Citizens United v. Federal Election Commission

U.S. Case Law

Legal Definition of Citizens United v. Federal Election Commission

558 U.S. 50 (2010), held that corporate spending on political communications is protected by the First Amendment. In 2002, Congress passed the Bipartisan Campaign Reform Act, also known as the McCain-Feingold Law, a section of which prohibited corporations and labor unions from making expenditures out of their general treasury funds for “electioneering communications,” or speech that supports or opposes a candidate for office. The Supreme Court found that this provision was a ban on protected political speech, violating the First Amendment to the Constitution. The ruling overturned Austin v. Chamber of Commerce, 494 U.S. 652 (1990) and partially overturned McConnell v. Federal Election Commission, 540 U.S. 93 (2003), which followed Austin. In overturning Austin, the Court cited two prior cases, Buckley v. Valeo, 424 U.S. 1 (1976) and First Nat. Bank of Boston v. Bellotti, 435 U.S. 765 (1978), stating, “We return to the principle established in Buckley and Bellotti that the Government may not suppress political speech on the basis of the speaker's corporate identity.” The Court upheld provisions of the Act requiring disclaimers for political advertisements and disclosure to the FEC of spending on electioneering communications.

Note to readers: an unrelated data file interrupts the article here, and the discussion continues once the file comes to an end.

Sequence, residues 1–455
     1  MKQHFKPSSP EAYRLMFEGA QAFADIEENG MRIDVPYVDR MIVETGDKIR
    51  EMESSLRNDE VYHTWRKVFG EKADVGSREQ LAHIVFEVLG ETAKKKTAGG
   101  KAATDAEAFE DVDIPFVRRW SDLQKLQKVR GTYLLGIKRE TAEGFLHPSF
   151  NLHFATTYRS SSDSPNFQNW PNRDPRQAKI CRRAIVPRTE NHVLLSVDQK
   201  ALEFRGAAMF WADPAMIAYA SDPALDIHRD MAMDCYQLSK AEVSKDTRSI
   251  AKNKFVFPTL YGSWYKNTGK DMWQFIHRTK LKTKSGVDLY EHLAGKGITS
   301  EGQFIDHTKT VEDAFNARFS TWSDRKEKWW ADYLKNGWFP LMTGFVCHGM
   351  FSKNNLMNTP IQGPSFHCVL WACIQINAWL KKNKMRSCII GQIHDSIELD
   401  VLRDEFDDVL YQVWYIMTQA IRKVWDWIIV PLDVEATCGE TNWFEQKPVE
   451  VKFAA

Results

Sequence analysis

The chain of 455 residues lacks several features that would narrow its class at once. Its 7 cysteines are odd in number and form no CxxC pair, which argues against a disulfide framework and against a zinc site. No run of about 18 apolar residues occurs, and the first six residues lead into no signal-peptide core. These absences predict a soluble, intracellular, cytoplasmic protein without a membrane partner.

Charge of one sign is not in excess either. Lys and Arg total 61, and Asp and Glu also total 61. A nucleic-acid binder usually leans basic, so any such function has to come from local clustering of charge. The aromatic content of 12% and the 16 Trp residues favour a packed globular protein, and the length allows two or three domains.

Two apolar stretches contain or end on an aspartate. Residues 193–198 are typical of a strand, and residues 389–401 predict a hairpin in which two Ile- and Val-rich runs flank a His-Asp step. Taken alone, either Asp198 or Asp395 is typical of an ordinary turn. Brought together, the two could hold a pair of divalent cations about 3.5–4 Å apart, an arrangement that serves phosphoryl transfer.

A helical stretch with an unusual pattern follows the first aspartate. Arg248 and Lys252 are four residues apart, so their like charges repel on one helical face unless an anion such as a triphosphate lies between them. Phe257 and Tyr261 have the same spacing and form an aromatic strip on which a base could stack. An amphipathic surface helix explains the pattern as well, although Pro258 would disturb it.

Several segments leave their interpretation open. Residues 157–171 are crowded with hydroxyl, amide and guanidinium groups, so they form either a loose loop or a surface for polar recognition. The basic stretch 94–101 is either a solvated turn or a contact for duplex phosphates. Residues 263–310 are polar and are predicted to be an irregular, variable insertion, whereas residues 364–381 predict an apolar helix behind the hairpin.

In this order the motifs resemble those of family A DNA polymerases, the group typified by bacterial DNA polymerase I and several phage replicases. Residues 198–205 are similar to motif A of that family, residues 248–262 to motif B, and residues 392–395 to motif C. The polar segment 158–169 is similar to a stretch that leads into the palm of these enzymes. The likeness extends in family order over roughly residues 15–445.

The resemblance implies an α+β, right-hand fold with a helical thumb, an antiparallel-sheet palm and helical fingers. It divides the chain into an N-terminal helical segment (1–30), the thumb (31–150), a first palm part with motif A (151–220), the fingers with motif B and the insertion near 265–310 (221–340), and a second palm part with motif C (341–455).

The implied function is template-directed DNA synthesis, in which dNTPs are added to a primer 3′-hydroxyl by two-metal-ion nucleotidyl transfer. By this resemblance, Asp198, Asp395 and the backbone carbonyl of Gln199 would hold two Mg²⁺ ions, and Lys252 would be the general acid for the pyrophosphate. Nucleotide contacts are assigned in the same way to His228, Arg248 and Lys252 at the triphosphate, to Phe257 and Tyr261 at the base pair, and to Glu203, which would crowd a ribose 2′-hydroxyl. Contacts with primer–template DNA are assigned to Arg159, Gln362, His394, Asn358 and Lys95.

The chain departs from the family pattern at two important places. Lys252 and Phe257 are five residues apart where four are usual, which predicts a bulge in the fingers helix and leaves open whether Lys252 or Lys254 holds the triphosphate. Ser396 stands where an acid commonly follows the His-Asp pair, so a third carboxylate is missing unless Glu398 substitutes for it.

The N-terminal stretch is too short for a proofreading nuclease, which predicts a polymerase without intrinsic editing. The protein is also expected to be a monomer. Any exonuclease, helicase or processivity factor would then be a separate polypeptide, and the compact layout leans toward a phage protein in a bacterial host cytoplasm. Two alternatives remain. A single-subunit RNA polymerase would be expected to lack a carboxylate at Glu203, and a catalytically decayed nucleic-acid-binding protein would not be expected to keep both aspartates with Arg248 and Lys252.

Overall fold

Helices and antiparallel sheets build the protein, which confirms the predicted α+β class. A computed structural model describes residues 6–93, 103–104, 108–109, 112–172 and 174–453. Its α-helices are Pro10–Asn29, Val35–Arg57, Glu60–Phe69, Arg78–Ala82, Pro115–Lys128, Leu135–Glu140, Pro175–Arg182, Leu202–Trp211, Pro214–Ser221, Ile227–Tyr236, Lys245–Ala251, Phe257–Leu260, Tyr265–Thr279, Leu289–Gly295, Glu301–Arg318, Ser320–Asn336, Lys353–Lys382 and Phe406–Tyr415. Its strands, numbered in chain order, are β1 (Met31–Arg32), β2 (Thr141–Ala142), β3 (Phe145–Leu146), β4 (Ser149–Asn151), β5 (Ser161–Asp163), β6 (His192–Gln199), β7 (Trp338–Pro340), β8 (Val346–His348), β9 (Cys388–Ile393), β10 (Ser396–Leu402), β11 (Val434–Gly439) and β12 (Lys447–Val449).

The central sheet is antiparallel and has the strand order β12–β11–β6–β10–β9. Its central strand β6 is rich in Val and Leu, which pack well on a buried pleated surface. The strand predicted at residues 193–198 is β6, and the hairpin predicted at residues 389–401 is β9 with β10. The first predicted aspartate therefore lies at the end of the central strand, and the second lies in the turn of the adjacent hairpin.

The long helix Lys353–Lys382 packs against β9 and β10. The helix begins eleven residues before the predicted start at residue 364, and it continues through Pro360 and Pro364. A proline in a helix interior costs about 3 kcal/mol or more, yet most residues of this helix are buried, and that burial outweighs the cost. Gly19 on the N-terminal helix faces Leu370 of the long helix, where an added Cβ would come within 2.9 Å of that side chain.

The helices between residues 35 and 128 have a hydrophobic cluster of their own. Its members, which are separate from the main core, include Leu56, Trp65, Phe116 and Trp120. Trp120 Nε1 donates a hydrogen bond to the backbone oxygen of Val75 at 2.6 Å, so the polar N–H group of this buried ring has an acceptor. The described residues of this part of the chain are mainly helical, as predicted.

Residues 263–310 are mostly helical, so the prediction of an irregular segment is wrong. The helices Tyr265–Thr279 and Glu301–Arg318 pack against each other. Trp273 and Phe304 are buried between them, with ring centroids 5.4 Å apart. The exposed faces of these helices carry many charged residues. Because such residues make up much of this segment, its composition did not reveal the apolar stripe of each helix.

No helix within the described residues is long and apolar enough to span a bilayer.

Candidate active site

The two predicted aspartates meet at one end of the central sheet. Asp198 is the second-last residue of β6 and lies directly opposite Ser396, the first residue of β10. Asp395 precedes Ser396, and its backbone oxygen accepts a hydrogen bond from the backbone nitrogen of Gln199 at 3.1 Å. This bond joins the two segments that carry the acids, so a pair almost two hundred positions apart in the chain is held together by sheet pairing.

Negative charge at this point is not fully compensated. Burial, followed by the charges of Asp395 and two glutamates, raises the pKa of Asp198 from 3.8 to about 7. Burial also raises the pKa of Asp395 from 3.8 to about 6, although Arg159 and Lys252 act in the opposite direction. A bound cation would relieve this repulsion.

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Cite this Entry

“Citizens United v. Federal Election Commission.” Merriam-Webster.com Legal Dictionary, Merriam-Webster, https://www.merriam-webster.com/legal/Citizens%20United%20v.%20Federal%20Election%20Commission. Accessed 28 Nov. 2021.

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